Researchers from The University of Texas Health Science Center have found traces of industrial chemicals called phthalates in several food samples. Phthalates are commonly found in food packaging, articles of child-care, and even in medical devices.
Arnold Schecter, M.D., M.P.H., professor of environmental health at The University of Texas School of Public Health Dallas Regional campus speculates that food packaging could be the culprit for trace levels of phthalates often found in our blood. National Institutes of Health researcher Linda Birnbaum, Ph.D., published a study in the online edition of “Environmental Health Perspectives,” which reports concentrations of phthalates in U.S. food and compares these with other countries. Schecter says that, although these findings are a cause for concern — not alarm — there is still a need to conduct further investigation on phthalate contamination as these toxins have been linked to negative effects on consumer health.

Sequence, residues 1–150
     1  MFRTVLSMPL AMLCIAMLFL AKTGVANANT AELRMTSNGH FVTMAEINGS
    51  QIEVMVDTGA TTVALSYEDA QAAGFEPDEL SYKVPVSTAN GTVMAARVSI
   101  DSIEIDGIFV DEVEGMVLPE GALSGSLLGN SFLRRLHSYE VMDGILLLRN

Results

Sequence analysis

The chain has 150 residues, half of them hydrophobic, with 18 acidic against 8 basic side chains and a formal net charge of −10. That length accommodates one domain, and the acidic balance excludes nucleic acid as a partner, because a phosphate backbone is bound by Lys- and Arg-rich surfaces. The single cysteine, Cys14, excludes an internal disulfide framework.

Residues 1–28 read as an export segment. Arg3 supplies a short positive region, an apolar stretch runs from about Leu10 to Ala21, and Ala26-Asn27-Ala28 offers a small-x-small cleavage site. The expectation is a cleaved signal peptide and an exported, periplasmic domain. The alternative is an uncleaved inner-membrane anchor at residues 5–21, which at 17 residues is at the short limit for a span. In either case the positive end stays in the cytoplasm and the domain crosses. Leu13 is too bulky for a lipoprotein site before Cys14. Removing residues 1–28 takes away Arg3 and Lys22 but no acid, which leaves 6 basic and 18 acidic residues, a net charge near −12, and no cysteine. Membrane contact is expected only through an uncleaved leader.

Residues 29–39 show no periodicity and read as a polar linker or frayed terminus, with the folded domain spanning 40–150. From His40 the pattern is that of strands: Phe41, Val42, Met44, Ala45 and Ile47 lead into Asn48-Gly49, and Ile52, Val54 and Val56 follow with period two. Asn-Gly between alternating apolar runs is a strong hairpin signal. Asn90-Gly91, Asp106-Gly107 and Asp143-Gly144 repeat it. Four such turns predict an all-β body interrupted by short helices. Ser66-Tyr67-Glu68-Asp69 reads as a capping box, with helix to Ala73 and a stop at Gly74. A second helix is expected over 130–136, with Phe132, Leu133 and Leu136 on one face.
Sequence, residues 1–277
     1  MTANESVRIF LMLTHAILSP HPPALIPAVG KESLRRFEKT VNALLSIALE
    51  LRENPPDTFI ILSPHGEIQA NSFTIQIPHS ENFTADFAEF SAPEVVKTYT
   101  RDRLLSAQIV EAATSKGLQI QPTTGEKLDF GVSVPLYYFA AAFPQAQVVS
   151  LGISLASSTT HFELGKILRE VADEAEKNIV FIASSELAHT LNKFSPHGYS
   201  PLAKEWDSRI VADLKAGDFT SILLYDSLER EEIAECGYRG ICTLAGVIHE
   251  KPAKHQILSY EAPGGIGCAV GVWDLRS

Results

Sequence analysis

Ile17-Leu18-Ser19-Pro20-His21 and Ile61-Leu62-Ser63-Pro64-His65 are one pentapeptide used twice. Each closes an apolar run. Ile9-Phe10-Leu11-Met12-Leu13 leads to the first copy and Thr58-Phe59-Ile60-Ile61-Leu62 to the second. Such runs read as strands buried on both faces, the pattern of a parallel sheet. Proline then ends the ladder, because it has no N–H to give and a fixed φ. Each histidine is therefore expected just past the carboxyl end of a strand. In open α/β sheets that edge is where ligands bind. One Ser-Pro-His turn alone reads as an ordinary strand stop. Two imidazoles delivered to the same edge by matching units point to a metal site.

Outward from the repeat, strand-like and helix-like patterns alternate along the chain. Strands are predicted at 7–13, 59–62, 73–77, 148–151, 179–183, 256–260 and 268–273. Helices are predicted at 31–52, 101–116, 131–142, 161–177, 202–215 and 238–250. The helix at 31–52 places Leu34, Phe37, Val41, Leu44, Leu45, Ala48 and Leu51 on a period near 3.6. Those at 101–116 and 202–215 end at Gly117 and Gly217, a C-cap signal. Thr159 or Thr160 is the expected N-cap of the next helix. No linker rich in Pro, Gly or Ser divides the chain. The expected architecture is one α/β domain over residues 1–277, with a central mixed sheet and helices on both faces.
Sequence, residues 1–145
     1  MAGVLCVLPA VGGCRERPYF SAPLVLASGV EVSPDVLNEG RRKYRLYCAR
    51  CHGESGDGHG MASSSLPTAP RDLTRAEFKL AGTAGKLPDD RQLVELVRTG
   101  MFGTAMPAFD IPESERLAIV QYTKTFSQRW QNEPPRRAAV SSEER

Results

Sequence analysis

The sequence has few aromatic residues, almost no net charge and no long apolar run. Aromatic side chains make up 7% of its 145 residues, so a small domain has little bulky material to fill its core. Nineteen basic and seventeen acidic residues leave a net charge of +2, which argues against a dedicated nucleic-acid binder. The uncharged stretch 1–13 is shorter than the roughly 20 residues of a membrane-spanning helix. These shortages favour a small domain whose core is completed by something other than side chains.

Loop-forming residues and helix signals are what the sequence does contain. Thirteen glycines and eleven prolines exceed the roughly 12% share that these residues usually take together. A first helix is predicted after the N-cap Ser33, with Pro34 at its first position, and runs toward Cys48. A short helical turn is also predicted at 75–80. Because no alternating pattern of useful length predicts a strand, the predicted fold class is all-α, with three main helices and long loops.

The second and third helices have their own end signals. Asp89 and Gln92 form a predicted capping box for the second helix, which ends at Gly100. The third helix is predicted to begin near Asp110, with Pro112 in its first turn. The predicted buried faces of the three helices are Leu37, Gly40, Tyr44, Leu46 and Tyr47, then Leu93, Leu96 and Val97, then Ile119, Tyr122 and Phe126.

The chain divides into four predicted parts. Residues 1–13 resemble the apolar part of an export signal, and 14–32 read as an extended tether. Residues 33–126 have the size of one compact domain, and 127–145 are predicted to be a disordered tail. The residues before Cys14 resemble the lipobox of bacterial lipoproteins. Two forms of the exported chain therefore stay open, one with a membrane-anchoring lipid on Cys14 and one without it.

According to Health Canal:
In other studies, Schecter and his colleagues have found bisphenol A (BPA), a chemical produced in large quantities for use primarily in the production of polycarbonate plastics and epoxy resins, and hexabromocyclododecane (HBCD), a widely-used flame retardant, in foods. Polybrominated diphenyl ether (PBDE), another kind of flame retardant, was found in butter and its paper wrapping, which led to butter contamination.
To read more on the study authored by Birnbaum, visit Environmental Health Perspectives.
News of the discovery of industrial chemicals found in food samples follows a recent report concerning a pending petition to the FDA to allow for the use of Aspartame in sweetened milk, which researchers in Texas claim risks exposing children to potential neurotoxins in flavored dairy products.